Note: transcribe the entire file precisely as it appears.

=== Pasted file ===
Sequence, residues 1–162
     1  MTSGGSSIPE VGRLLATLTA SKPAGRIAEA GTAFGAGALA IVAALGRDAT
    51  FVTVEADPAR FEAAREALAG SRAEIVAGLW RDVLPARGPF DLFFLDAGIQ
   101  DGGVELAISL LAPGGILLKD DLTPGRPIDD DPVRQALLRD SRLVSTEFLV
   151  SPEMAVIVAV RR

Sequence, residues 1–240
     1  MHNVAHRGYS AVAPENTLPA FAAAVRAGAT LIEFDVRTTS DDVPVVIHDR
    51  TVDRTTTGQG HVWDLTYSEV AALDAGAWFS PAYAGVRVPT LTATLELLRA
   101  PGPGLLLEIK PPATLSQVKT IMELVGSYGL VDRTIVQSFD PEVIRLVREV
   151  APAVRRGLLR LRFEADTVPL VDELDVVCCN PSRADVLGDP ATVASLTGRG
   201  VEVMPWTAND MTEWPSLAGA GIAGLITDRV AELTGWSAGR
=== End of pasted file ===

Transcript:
Sequence, residues 1–162
     1  MTSGGSSIPE VGRLLATLTA SKPAGRIAEA GTAFGAGALA IVAALGRDAT
    51  FVTVEADPAR FEAAREALAG SRAEIVAGLW RDVLPARGPF DLFFLDAGIQ
   101  DGGVELAISL LAPGGILLKD DLTPGRPIDD DPVRQALLRD SRLVSTEFLV
   151  SPEMAVIVAV RR

Sequence, residues 1–240
     1  MHNVAHRGYS AVAPENTLPA FAAAVRAGAT LIEFDVRTTS DDVPVVIHDR
    51  TVDRTTTGQG HVWDLTYSEV AALDAGAWFS PAYAGVRVPT LTATLELLRA
   101  PGPGLLLEIK PPATLSQVKT IMELVGSYGL VDRTIVQSFD PEVIRLVREV
   151  APAVRRGLLR LRFEADTVPL VDELDVVCCN PSRADVLGDP ATVASLTGRG
   201  VEVMPWTAND MTEWPSLAGA GIAGLITDRV AELTGWSAGR